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serfs - Page Text Content

FC: The Serfs Daily Life | Julia Dunn | Period 8 | PAGE 1

1: Table of Contents | PAGE 2 | About The Author 3-4 How Serf's Lived 5-6 How Serf's Dressed 7 Welcome to the Closet! 8 What Serf's Ate 9 Today's Menu 10 Works Cited 11

2: About the Author | I play soccer for the LMYA Socceroos and play basketball for the Eyer Bulldogs! | PAGE 3 | I recently lost my grandmother to cancer and now want to pursue opportunities to find a cure for cancer!

3: I have been to Russia twice to adopt my little brother Bryce. | PAGE 4 | Below is Bryce before we adopted him in his orphanage in Krasnoyarsk, Russia.

4: How Serfs Lived | A normal serfs house was very simple and was nothing like the manor. inside the serfs house was one room where they cooked, ate, and slept. in a normal house these days you would see rooms for each of those things. In the summer it would get super hot in their houses and in the winter it would get super cold in their house as well. The serfs in the winter would bring their animals in and they would stay with then in their house. They did that one so those animals would stay warm and they would live so the serfs can get food from those animals but if they die from being too cold then they cant get their food from the animals. Two the serfs wanted to stay warm too and since they didn't have a heating system they brought all of their animals in to keep warm as well because the more people in the house the warmer it would be. Serf's houses were made out of wood, stone, plaster, and where woven together with branches and covered with clay. | PAGE 5

5: PAGE 6

6: How Serf's Dressed | Serfs dressed in clothes that would keep them warm. Their clothes where usually made out of wool; hemp produced in their own fields. Like I said their clothes where always thick enough to keep warm in the winter. If they wanted their clothing to be colored than they would get dyes from their plants they grow and they would use that to add color to their clothing. A lot of times their clothes where just gray so they would add something to make it more interesting. I never though that serfs would be interested in making their clothes actually take time to make their clothes colorful and interesting. The serfs didn't have pockets. | PAGE 7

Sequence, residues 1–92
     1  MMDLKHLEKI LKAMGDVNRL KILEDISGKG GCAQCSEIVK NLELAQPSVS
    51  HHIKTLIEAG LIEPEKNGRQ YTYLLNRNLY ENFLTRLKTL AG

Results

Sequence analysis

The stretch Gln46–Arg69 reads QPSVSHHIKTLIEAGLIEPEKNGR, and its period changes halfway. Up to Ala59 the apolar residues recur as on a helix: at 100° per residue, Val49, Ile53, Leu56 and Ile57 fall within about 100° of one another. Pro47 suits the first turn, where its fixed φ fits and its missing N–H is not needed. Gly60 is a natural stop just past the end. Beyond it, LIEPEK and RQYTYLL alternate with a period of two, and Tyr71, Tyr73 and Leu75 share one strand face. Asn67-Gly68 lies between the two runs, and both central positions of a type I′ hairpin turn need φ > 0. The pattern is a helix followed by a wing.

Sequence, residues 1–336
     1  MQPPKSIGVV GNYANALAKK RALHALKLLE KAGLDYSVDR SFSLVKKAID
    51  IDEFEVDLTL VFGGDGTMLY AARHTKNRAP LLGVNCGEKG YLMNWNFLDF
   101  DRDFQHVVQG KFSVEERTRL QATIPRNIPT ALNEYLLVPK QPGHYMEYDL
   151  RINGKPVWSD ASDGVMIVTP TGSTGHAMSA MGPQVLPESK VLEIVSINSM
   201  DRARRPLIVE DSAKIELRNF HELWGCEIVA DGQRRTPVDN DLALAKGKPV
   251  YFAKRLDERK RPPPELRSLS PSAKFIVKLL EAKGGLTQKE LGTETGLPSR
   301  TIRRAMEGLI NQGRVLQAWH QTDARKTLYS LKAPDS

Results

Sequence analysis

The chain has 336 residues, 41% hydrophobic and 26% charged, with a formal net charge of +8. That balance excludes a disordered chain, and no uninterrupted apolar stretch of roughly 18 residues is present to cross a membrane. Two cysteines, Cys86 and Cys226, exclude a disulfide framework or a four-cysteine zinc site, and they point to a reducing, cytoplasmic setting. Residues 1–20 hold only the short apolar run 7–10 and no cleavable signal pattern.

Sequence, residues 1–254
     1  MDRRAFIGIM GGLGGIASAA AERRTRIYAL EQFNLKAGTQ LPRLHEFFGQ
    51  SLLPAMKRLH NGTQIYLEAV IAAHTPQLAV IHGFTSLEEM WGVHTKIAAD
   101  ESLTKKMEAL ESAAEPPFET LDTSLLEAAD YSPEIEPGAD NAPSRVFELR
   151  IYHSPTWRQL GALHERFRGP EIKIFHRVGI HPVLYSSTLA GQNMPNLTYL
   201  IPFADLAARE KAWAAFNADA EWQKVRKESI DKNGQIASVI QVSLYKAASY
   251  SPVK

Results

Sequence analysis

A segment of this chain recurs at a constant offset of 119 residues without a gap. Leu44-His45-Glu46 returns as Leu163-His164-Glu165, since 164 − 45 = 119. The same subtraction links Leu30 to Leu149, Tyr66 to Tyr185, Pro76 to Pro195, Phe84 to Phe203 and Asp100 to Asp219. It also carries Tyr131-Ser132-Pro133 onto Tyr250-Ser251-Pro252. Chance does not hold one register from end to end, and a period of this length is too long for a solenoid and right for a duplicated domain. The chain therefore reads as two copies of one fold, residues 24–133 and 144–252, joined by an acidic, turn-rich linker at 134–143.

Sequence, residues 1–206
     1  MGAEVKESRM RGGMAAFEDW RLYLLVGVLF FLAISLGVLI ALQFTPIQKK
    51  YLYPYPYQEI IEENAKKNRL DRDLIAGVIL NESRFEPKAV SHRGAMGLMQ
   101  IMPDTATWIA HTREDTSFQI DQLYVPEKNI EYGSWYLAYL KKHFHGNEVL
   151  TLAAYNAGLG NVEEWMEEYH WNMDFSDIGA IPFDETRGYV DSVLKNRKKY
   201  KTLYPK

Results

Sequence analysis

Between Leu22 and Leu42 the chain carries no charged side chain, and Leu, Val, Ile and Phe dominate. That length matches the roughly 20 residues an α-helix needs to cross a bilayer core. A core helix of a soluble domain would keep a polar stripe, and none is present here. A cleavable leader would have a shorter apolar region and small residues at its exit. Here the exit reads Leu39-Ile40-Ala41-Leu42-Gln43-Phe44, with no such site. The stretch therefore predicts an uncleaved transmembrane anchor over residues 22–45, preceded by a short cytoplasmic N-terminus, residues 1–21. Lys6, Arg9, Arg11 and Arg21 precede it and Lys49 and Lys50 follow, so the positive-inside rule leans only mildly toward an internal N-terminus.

7: Welcome to the closet! | Types of Clothing Serfs had 1. Linen Shirt (surprising for a serf) 2. Scarves (made of wool) 3. Belts 4. Gowns made from wool (typically not fancy) | PAGE 8

8: What Serfs Ate | Almost 100% if not 100% of serfs would produce everything they ate whether it was from cows or pigs or the ground or even trees they basically did it themselves. Women were usually inside cooking and cleaning. The men were usually outside gathering the crops and bringing them inside for the women to cook with. Some women worked outside and others were in the ''kitchen'' cooking. Serfs ate ham, acorns, fish, mollusks, fowl, carrots, onions, peas, beans,etc. A lot of these food items were used for flavor because a lot of times whatever they cooked was rather bland meaning there was no taste. When Serfs would ''sit down'' to eat a meal it wasn't fancy there was the food in the center of the table and then there was water for them to drink. The water they drank wasn't super clean. They would get their water from a near by stream or river where they would take a bucket fill it with water and take it back to use for a meal. Wine was not common for serfs. The upper classes had wine when they got to sit down and have a formal dinner. Some serfs got lucky if they even ate dinner some nights. | PAGE 9

9: Today's Menu | 1. Ham and Peas. Ham was- from one of the serfs animals that they had and peas was grown by the serfs. 2. Fowl and Carrots. When serfs would eat fowl it was usually found dead and carrots were grown in their garden. 3. Mollusks and Onions. Mollusks were rather rare for a serf and onions were grown in their garden. 4. Fish and Acorns. Fish, just like Mollusks, were rare for a serf to have for dinner and if they did get fish it was a small one from the stream found right near their house and acorns were dropped off trees. 5. Beans with Potatoes. Potatoes were a staple of the serf diet and beans were not commonly eaten. | PAGE 10

10: Works Cited Adams, Simon, and Kevin W. Maddison. The Kingfisher Atlas of the Medieval World. Boston, MA: Kingfisher, 2007. Print. Haaren, John H. "People of the Middle Ages." Middle Ages - Medieval Resources. Web. 14 Dec. 2011. . Mason, Antony. Medieval times. New York: Simon & Schuster for Young Readers, 1996. Print. Medieval Life and Times. Web. 14 Dec. 2011. . | PAGE 11

11: The End | PAGE 12

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